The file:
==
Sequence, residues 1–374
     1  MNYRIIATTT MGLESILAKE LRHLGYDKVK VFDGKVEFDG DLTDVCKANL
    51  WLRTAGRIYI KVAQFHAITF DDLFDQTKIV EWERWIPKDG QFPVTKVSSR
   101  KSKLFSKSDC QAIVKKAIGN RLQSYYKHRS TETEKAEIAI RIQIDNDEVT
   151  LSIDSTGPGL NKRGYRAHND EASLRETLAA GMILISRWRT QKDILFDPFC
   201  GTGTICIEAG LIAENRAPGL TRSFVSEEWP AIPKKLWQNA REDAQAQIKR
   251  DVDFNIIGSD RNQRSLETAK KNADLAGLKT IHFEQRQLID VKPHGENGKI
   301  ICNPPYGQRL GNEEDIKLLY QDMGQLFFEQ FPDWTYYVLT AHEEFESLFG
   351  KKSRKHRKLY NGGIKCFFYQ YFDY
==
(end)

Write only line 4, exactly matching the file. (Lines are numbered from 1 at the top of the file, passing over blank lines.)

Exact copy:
   101  KSKLFSKSDC QAIVKKAIGN RLQSYYKHRS TETEKAEIAI RIQIDNDEVT